Business

Deutsche Bank searched for suspicious activity reports


The German authorities searched

Deutsche Bank AG of

DB -2.00%

headquarters in Frankfurt on Friday, a move the bank said was related to reports of suspicious activity it had submitted to an anti-money laundering agency.

Agents from the Frankfurt prosecutor’s office, the German financial regulator BaFin and the federal police were present at Deutsche Bank with a search warrant issued by the Frankfurt local court, the prosecutor’s office said in a statement. declare. It said it could not provide more information.

A spokesman for Deutsche Bank said the bank was cooperating fully with the authorities.

The bank’s shares fell more than 3% following the news.

Banks warn authorities about suspicious transactions, including money laundering, through so-called suspicious activity reports. They are expected to be timely. Authorities then decide whether to investigate the incident.

In the past, Deutsche Bank has had trouble with regulators over money laundering detection compliance. It paid fines in the US for not properly monitoring deals with late financier and convicted sex offender Jeffrey Epstein and for its role as a Correspondent bank for Estonian branch of the

Danskek Bank,

where about $230 billion has flowed from Russia and other former Soviet states over the years with minimal oversight.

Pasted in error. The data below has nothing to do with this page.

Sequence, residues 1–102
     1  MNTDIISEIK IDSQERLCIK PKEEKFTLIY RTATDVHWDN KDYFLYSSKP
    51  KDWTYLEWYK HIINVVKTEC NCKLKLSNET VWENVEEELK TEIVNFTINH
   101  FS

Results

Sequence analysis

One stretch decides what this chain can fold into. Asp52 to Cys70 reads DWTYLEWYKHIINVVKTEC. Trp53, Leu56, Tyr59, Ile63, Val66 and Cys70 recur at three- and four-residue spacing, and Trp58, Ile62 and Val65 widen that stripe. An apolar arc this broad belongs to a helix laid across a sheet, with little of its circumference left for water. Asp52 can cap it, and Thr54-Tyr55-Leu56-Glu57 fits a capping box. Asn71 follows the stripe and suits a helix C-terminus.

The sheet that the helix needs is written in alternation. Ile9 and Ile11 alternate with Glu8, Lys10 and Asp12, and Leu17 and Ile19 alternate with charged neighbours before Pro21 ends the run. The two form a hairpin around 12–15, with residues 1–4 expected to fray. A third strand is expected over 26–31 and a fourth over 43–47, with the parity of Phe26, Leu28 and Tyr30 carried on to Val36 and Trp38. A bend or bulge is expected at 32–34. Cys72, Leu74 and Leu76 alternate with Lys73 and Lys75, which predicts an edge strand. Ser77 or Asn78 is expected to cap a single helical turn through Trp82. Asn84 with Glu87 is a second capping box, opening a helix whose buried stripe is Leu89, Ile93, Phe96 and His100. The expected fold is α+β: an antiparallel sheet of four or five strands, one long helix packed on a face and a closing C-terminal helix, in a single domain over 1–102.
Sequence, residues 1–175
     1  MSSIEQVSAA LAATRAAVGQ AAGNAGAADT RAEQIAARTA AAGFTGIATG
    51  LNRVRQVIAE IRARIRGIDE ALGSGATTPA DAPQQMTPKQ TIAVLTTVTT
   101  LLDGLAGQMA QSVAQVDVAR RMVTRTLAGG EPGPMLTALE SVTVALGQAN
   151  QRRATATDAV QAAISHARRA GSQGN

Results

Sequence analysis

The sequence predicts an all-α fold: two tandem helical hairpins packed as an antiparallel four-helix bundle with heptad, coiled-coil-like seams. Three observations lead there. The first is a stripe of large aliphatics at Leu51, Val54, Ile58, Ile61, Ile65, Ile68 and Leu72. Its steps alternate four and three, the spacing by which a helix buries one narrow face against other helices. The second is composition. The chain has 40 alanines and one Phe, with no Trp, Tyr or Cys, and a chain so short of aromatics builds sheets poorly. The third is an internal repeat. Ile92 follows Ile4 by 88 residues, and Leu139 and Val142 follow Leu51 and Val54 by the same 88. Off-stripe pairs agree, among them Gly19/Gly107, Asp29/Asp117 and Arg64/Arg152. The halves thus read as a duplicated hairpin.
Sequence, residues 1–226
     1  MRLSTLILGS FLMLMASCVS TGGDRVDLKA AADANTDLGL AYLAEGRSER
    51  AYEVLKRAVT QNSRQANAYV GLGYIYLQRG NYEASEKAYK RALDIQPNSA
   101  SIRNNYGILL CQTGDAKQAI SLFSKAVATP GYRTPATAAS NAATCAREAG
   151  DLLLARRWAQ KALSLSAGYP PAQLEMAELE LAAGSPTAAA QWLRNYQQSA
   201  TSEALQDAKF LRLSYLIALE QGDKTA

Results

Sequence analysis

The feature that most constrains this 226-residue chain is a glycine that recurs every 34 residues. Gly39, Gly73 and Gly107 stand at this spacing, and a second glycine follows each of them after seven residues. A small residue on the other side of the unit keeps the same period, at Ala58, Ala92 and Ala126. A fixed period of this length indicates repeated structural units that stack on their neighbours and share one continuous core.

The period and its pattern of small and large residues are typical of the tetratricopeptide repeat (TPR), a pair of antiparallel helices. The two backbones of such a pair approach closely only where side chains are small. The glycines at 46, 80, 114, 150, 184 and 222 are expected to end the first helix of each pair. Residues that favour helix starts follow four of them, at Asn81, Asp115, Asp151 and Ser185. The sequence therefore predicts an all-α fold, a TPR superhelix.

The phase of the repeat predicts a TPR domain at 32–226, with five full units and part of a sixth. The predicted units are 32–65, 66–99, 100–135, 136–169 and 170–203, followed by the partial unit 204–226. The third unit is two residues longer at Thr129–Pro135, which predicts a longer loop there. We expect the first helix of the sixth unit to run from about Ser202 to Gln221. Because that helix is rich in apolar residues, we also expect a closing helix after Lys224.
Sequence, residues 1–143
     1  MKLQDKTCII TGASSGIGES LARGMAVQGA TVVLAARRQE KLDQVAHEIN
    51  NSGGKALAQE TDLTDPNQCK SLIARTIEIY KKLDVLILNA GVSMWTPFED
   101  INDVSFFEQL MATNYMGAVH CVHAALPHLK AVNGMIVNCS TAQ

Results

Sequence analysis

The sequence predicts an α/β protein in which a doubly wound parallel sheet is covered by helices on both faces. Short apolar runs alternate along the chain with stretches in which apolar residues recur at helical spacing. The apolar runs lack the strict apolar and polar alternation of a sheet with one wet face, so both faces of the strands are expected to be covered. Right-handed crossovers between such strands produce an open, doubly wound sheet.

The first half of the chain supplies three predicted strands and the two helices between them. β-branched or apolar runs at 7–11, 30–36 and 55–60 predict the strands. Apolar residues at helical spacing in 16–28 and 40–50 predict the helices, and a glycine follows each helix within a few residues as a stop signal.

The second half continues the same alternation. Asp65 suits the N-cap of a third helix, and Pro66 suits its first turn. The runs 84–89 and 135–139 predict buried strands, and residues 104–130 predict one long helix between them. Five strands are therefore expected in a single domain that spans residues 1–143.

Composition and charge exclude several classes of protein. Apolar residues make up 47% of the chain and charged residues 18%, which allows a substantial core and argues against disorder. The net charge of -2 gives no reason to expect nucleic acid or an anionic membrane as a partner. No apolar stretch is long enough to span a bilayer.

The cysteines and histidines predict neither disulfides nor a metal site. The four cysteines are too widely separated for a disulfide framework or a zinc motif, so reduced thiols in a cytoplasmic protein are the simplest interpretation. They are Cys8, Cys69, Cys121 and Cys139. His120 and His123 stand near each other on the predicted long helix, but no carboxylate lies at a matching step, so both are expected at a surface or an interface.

Last year, the Federal Reserve told Deutsche Bank that does not address persistent shortcomings in anti-money laundering controls. At the same time, BaFin order the bank to put in place further internal safeguards and comply with due diligence obligations.

Deutsche Bank is Germany’s largest lender and Fed-regulated dollar clearing bank, a major player in global financial transactions.

The bank said it was devoting resources to improving controls and preventing and detecting money laundering. CEO Christian Sewing is trying to show his bank has changed and is no longer a troubled lender constantly embroiled in financial scandals.

Bank strong financial results earlier this week, a sign of an overhaul to make it leaner and more focused on the dividend-paying German customers. However, the outlook was dimmed on the war in Ukraine and rising inflation.

Write to Patricia Kowsmann at Patricia.kowsmann@wsj.com

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